Sixth Symposium on the Urban Environment
AMS Forum: Managing our Physical and Natural Resources: Successes and Challenges


Development of an urban parameterization for a global climate model

Keith Oleson, NCAR, Boulder, CO; and G. Bonan and J. Feddema

A parameterization for urban surfaces is being developed for the Community Land Model (CLM) as part of the Community Climate System Model (CCSM) housed at the National Center for Atmospheric Research (NCAR). The model is designed to be simple enough to be compatible with structural and computational constraints of a land surface model coupled to a global climate model, yet complex enough to explore physically-based processes known to be important in determining urban climatology.

The city representation is based upon the “urban canyon” concept of Oke (1987) in which the canyon geometry is described by building height to width ratio. The canyon system consists of roofs, walls, and canyon floor. Walls are further divided into shaded and sunlit components. The canyon floor is divided into pervious (e.g., residential lawns, parks) and impervious (e.g., roads, parking lots, sidewalks) fractions. Trapping of longwave radiation by canyon surfaces is calculated based on multiple re-emissions. Solar radiation absorption and reflection is based on the analytical solution of Masson (2000) for an infinite number of reflections. Momentum fluxes are determined for the entire urban surface using a roughness length and displacement height appropriate for the urban canyon and stability formulations from CLM. Separate energy balances and surface temperatures are determined for each canyon surface. Anthropogenic sources of heat from traffic and industry modify the canyon energy budget. A one-dimensional heat conduction equation is solved numerically for a ten-layer column to determine conduction fluxes into and out of canyon surfaces. The lower (internal) boundary conditions for roofs and walls are determined by an internal building temperature held between prescribed maximum and minimum temperatures thus explicitly resolving domestic heating and cooling fluxes, while the canyon floor has a zero flux lower boundary.

The model is forced either with output from the host atmospheric model or observed forcing (e.g., reanalysis or field observations). Required forcing includes incident longwave and solar radiation and atmospheric level wind, specific humidity and air temperature. The urban model produces sensible, latent heat, and momentum fluxes, emitted longwave, reflected solar radiation, which are area-averaged with fluxes from non-urban surfaces (e.g., vegetation, lakes) to supply grid-cell averaged fluxes to the atmospheric model.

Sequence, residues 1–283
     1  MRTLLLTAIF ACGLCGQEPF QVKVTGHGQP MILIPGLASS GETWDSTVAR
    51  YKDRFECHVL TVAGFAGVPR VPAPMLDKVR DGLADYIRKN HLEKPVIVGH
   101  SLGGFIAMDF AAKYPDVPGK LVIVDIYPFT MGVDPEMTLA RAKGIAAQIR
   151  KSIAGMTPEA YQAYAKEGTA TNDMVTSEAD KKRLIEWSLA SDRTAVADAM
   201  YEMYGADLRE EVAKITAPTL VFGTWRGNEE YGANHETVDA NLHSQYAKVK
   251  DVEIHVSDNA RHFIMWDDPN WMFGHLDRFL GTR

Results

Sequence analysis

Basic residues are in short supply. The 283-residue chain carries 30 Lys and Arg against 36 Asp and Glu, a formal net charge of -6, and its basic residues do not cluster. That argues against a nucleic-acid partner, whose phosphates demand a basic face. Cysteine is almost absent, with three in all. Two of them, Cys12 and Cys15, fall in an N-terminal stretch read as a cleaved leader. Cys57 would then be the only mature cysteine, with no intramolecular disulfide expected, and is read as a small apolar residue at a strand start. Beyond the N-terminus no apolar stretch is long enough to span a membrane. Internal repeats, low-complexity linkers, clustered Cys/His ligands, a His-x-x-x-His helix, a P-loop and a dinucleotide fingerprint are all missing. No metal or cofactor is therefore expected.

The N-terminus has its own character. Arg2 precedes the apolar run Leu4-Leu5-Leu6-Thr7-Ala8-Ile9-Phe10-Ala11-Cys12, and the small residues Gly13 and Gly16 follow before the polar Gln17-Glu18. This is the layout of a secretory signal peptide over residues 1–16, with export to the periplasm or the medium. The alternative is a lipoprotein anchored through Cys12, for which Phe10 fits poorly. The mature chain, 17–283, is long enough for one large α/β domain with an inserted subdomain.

In general, the model reproduces some known features of urban climatology. The model produces higher urban nighttime air temperatures than rural areas (e.g., nocturnal heat island) due to increased daytime storage of heat within canyon surfaces and subsequent nocturnal release of this heat resulting in a positive nighttime sensible heat flux. Daytime maximum temperature is slightly higher in urban areas resulting in a reduced diurnal temperature range compared to rural areas. These characteristics increase with height to width ratio. However, detailed validation of the model awaits the application of suitable observed datasets of urban fluxes and temperatures, atmospheric forcing, and urban surface characteristics. Sensitivity experiments indicate that the model turbulent fluxes and air temperature are sensitive to wind speed, height to width ratio, fraction of pervious canyon floor, anthropogenic fluxes, and thermal and radiative properties of canyon surfaces.


Joint Session 1, Comparison and Evaluation of Urban Land Surface Schemes for Mesoscale Models (Joint with 6th Symposium on the Urban Environment and Forum on Managing our Physical and Natural Resources)
Monday, 30 January 2006, 1:30 PM-5:45 PM, A315

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